AUSTRALIA and 11 other nations have failed to clinch an ambitious Pacific free trade deal, with medicines, cars and dairy emerging as key sticking points.
Trade Minister Andrew Robb had hoped to finally conclude the long-running Trans-Pacific Partnership negotiations during marathon talks with his counterparts in Hawaii, but the talks soured in the final hours and delegates will now return to the table later in the year.
It is understood Mr Robb withstood enormous pressure – led by the United States – over biotech medicines. The Abbott government regards a US push to extend the patent period on biologics as a "red line", sources say.
It is understood Mr Robb also pushed hard for a better deal for sugar access into the US.
Disagreements between Mexico, the US and Japan over cars and between Canada, the US and Japan on dairy exports also emerged as key 11th-hour stumbling blocks.
In a statement, Mr Robb said significant gains had been made and none of the disagreements were insurmountable.
"We all went to Hawaii with the aim of concluding, and while we didn't quite get there we are definitely on the cusp. Most importantly, the resolve remains to get this done," he said.
"While nothing is agreed until everything is agreed, I would say we have taken provisional decisions on more than 90 per cent of issues."
Australia has made significant gains across every area including agricultural market access, he said.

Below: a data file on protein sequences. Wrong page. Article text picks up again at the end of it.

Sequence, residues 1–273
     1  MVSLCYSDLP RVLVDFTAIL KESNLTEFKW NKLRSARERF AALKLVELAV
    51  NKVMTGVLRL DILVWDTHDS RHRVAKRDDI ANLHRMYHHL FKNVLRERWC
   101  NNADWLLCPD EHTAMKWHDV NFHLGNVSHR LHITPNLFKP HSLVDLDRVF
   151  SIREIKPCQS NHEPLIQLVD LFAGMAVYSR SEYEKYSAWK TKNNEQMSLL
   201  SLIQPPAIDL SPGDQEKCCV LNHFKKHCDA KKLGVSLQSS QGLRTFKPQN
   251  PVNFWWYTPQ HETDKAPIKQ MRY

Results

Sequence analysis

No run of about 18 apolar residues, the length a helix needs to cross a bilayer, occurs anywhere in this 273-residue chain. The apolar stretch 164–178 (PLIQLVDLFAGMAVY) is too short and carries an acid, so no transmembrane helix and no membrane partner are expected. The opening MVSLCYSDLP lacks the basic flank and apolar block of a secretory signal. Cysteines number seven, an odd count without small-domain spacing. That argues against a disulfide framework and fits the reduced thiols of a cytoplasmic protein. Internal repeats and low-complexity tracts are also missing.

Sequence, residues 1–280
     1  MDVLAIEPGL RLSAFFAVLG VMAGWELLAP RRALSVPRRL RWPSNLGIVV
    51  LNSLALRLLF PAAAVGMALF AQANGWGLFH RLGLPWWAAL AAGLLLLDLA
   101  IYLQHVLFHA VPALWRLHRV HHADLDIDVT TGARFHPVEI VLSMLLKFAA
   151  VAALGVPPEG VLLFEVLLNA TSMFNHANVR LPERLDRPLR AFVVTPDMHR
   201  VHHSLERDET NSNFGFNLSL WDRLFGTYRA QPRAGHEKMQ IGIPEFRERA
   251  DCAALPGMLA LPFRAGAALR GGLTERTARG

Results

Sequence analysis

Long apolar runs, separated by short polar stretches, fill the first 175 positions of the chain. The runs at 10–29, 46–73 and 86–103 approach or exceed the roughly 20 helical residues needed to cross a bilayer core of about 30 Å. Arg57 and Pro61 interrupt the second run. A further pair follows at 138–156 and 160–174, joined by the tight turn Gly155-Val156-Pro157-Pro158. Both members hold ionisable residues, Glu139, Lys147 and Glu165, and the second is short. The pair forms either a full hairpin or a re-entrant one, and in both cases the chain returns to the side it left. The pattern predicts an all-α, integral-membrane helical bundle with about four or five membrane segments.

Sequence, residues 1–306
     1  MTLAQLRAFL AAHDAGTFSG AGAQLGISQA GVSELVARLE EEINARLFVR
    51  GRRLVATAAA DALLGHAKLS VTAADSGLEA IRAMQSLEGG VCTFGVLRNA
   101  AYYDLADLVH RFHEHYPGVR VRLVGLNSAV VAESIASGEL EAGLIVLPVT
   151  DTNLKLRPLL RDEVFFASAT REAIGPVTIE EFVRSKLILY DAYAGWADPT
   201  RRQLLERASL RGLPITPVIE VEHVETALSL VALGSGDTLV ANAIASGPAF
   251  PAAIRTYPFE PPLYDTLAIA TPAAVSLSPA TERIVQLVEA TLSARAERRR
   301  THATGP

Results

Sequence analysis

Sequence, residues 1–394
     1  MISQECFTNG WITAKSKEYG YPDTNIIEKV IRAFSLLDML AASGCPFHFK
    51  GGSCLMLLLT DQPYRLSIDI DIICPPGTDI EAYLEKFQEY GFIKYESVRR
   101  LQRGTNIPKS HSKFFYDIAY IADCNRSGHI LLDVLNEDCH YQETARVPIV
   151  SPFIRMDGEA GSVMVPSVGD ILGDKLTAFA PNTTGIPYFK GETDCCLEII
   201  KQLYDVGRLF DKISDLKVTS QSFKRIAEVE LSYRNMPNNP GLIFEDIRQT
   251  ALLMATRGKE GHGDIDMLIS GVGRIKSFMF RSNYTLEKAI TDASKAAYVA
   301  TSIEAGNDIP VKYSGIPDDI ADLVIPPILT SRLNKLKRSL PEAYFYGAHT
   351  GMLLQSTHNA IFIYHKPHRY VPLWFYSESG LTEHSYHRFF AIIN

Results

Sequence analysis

The 11 other nations negotiating the TPP are Brunei, Canada, Chile, Japan, Malaysia, Mexico, Peru, New Zealand, Singapore, the United States and Vietnam. Together they account for 40 percent of global GDP. If a deal is finalised the TPP will be the biggest regional trade deal ever reached.
But there is significant opposition to the deal.
The Australian Greens spokesman for trade, Peter Whish-Wilson, said the failure should send a clear signal that the deal is not in Australia's interest and Mr Robb should walk away from the "dangerous" and "anti-democratic" talks.
"If Mr Robb doesn't accept the bleeding obvious and he chooses to continue talks on highly contentious issues, he must release the TPP text and let Parliament and the people know what is being negotiated," Senator Whish-Wilson said.
"Once the deal is signed, it cannot be changed or amended."
Some Nationals MPs have threatened to cross the floor in Parliament and vote against the deal if it does not contain enough gains for Australian sugar farmers.
However, the National Farmers Federation on Saturday reiterated its support.
"The NFF remains a firm supporter of the TPP as a key platform to drive increased trade and investment. A good agreement will provide significantly improved opportunities for Australian farmers to sell products to markets we know are demanding high quality food and fibre," it said in a statement.
The Abbott government believes a finalised deal would bring "enormous benefits", saying new levels of market access and a more seamless regional trading environment would deliver jobs, growth and higher living standards for Australians.